(a)       movable or immovable property of great importance to the cultural heritage of every people, such as monuments of architecture, art or history, whether religious or secular; archaeological sites; groups of buildings which, as a whole, are of historical or artistic interest; works of art; manuscripts, books and other objects of artistic, historical or archaeological interest; as well as scientific collections and important collections of books or archives or of reproductions of the property defined above;

(b)       buildings whose main and effective purpose is to preserve or exhibit the movable cultural property defined in sub-paragraph (a) such as museums, large libraries and depositories of archives, and refuges intended to shelter, in the event of armed conflict, the movable cultural property defined in subparagraph (a);

(c)       centres containing a large amount of cultural property as defined in sub-paragraphs (a) and (b), to be known as “centres containing monuments”.

As the ICRC points out:

The criterion is that this property should have a certain value.  Not every church or every monument would be protected as cultural property, although they would be protected under IHL [International Humanitarian Law or the law of war] as civilian objects.  It’s true, though, that in many cases, assessing the value in order to determine if something can be regarded as cultural property is a difficult and sometimes even controversial process. (Emphasis added).

The U.S. Department of Defense (DoD) Law of War (LoW) Manual (issued by the Obama Administration but retained without change by the Trump administration) discusses in ¶ 5.18 et seq. the international law related to cultural property and notes that the CCP is somewhat narrower than other instruments, but says:

Property must be “of great importance to the cultural heritage of every people” to qualify as cultural property. Ordinary property (such as churches or works of art) that are not of great importance to the cultural heritage of every people would not qualify as cultural property, although such property may benefit from other protections, such as those afforded civilian objects or enemy property.

The question of whether cultural property is “of great importance to the cultural heritage of every people” may involve delicate and somewhat subjective judgments.  Items that can easily be replaced would not qualify as being of great importance.  On the other hand, irreplaceable items may be of great cultural importance, even if they have little monetary value. (Emphasis added; citations omitted).

Importantly, the DoD LoW Manual also points out in ¶ 5.18.1.3 that “[n]atural sites of great beauty are not included within the definition of cultural property.” 

When can the protections for qualifying cultural property be waived?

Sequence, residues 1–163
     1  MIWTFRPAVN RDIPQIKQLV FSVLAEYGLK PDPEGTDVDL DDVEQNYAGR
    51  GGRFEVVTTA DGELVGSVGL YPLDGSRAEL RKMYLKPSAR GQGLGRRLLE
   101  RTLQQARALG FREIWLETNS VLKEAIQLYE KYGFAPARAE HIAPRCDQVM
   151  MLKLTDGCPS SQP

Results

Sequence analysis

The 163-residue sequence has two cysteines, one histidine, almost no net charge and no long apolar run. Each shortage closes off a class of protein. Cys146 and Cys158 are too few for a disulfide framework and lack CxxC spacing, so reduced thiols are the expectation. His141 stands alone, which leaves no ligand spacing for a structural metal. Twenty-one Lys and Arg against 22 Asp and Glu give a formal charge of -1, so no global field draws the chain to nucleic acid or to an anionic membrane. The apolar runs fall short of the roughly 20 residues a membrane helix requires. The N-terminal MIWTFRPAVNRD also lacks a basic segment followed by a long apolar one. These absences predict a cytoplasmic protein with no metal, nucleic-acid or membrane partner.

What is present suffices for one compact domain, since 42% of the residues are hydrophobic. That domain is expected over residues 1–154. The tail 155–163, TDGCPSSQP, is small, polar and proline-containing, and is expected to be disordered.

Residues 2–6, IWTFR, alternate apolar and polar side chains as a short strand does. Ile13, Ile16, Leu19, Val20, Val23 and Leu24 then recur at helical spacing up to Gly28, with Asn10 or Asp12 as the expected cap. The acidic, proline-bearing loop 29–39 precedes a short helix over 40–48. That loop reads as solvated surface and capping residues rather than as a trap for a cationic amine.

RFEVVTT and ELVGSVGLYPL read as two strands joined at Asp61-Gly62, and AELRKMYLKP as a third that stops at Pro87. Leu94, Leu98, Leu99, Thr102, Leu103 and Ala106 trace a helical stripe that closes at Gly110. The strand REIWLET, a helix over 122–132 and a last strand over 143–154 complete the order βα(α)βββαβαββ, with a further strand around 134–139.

The ICRC fact sheet about the CCP provides the summary of its waiver provisions as follows:

The obligation to respect all cultural property, described above, may be waived on the basis of imperative military necessity (CCP, Art. 4). This waiver may be invoked:

    1. to use cultural property for purposes likely to endanger it, only if there is no feasible alternative available to obtain a similar military advantage (P2, Art. 6);
    1. to attack cultural property, only when that property has, by its function, been made into a military objective and there is no feasible alternative available to obtain a similar military advantage. Effective advance warning must be given, circumstances permitting (P2, Art. 6).

The DoD LoW Manual (¶ 5.18.3) elaborates on “[u]ses that would be likely to expose cultural property to destruction or damage” as including:

    • using the cultural property for military purposes;
    • placing military objectives near cultural property; or
    • using the cultural property in such a way that an adversary would likely regard it as a military objective. For example, such uses would include billeting military personnel in buildings that constitute cultural property, or emplacing artillery, mortars, or anti-air systems on the grounds of cultural property.

In addition, it is prohibited to use deliberately the threat of potential harm to cultural property to shield military objectives from attack, or otherwise to shield, favor, or impede military operations. There is no waiver of this obligation in cases of imperative military necessity. (Emphasis added; citations omitted) 

Abyaz (“White”) Palace in the Golstan Palace complex

Thus, if Iran decided, for example, to use all or part of the Golestan Palace complex as a military headquarters in the hopes that its cultural character would shield the headquarters from attack, any portion being used for military purposes could lose its status as a protected cultural site and become a military objective subject to being targeted.